I found the narrative very interesting. I liked how the director divided our attention between what was going on with uncle Joe Grandi and with Quinlan to mislead us and make us wonder about the fate of Susan. I thought that the bad cop versus the good cop story must have been original at the time ( I am thinking about the movie with Al Pacino and Robert Deniro, same team and still interesting). I also liked the female characters and how they fit into the concept of mexicanidad and of the femme fatale of the noir cinema.
Brothels, prostitution and cabarets were an important themes in the plot even though they were not the main focus of the movie.
After reading the article I realized a lot of details about the characters that I did not find clear from the movie like the fact that Susan and Miguel were in their honey moon, the exact job of Vargas and his status in the United States. I also found the analysis very interesting. I did not notice that Vargas' skin tone was darkened for the movie. He proposes that the director, Welles, did this unconsciously to discuss about racial issues in the border and I agree with this since I think that Miguel represented the Mexican state and the desire of Mexicans to appear reliable and knowledgeable to Americans.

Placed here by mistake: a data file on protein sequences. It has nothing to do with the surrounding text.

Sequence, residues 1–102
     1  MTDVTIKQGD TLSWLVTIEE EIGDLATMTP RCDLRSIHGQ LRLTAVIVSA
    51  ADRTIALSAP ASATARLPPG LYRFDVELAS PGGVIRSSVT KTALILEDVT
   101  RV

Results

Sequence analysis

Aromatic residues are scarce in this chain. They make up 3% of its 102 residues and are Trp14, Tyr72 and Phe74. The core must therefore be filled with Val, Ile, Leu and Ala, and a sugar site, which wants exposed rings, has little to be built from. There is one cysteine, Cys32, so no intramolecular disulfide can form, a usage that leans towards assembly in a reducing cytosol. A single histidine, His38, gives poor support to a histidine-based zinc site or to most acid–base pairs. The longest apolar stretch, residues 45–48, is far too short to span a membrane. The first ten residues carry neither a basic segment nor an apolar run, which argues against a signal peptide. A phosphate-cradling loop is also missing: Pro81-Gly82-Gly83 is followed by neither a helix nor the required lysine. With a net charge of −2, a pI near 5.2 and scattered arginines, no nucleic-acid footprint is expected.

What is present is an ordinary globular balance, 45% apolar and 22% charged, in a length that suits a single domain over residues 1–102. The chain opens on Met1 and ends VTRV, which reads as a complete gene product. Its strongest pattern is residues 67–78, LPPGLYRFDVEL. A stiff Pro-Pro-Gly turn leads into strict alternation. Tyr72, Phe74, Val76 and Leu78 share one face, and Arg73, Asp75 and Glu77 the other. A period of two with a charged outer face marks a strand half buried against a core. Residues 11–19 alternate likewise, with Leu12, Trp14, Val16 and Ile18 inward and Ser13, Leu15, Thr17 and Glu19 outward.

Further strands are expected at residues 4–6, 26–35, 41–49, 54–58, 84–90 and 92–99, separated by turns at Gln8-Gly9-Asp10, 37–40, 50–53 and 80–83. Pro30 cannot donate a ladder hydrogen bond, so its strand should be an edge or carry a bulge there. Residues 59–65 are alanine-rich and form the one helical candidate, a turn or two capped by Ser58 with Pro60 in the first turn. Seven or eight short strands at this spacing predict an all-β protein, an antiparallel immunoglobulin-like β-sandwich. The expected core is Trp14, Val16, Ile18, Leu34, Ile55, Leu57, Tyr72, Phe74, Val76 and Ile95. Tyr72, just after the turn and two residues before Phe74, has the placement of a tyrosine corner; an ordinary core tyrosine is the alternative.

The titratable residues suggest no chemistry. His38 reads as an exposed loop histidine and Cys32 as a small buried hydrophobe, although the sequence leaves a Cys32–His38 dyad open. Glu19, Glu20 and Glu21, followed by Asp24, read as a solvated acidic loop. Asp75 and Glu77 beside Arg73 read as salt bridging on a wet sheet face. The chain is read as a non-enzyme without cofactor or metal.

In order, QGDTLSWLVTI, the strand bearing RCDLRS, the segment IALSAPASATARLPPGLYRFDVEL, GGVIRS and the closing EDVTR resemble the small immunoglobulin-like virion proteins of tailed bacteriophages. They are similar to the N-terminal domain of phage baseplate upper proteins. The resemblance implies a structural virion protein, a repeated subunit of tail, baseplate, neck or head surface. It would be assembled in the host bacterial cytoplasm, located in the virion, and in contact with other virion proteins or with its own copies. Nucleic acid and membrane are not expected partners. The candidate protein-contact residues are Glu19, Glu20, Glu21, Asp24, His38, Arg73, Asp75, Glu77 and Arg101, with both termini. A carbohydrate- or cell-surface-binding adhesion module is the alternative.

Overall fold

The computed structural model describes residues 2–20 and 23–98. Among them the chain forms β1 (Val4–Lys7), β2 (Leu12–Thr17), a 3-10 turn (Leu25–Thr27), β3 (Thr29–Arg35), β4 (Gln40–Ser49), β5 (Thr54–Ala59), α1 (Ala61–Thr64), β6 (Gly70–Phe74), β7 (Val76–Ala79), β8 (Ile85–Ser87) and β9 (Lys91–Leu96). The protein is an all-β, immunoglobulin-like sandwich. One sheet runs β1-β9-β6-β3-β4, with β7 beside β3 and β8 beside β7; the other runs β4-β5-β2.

Also I agree with the author of the article on that the movie attempts to criticize the State of emergency and the "Wet back operation" using visual metaphors for the injustices and disadvantages to America of such political agenda. The most revealing evidence of such argument is the final scene were Hank floats in the river after Vargas made him confess by taking advantage of his powers and declaring an "state of emergency" that allows him to behave outside the law. The transformation of the wife and what happen to her is also a powerful example of the consequences of stopping obeying the law to reestablish it.
I also like the argument made by the author about how Mexicans are members of the American society which can not been included in it because America must lack what immigrants have to offer. I thought it was a philosophical idea suitable to explain the logic behind many of the deportation operation done in the United stated in the 20th centuries. Additionally, this ideas serve as a good background and historical context for the motivation in making touch of evil.
I wonder if the title was selected to remind the audience that the film is noir. Since film noir often has a hero which has poor moral values, I interpreted Touch of evil as the bad attitude and poor work ethic of Miguel by the end of the movie. I think that making critiques to American politics less obvious was important for the director (He has issues with the government) and therefore having a title that emphasized the non-political content of the film was important for the director as well.